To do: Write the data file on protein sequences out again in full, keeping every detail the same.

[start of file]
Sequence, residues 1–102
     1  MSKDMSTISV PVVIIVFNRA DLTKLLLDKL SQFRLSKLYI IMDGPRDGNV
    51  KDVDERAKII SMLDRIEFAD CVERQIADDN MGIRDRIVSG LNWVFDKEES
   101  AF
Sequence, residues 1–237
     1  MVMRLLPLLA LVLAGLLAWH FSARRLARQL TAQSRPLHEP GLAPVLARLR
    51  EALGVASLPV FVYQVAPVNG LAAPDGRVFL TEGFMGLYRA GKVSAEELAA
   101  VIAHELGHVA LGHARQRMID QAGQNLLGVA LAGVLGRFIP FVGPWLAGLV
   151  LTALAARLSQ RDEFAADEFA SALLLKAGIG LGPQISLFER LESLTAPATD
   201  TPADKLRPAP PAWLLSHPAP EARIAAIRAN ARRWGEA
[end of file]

Sequence, residues 1–102
     1  MSKDMSTISV PVVIIVFNRA DLTKLLLDKL SQFRLSKLYI IMDGPRDGNV
    51  KDVDERAKII SMLDRIEFAD CVERQIADDN MGIRDRIVSG LNWVFDKEES
   101  AF
Sequence, residues 1–237
     1  MVMRLLPLLA LVLAGLLAWH FSARRLARQL TAQSRPLHEP GLAPVLARLR
    51  EALGVASLPV FVYQVAPVNG LAAPDGRVFL TEGFMGLYRA GKVSAEELAA
   101  VIAHELGHVA LGHARQRMID QAGQNLLGVA LAGVLGRFIP FVGPWLAGLV
   151  LTALAARLSQ RDEFAADEFA SALLLKAGIG LGPQISLFER LESLTAPATD
   201  TPADKLRPAP PAWLLSHPAP EARIAAIRAN ARRWGEA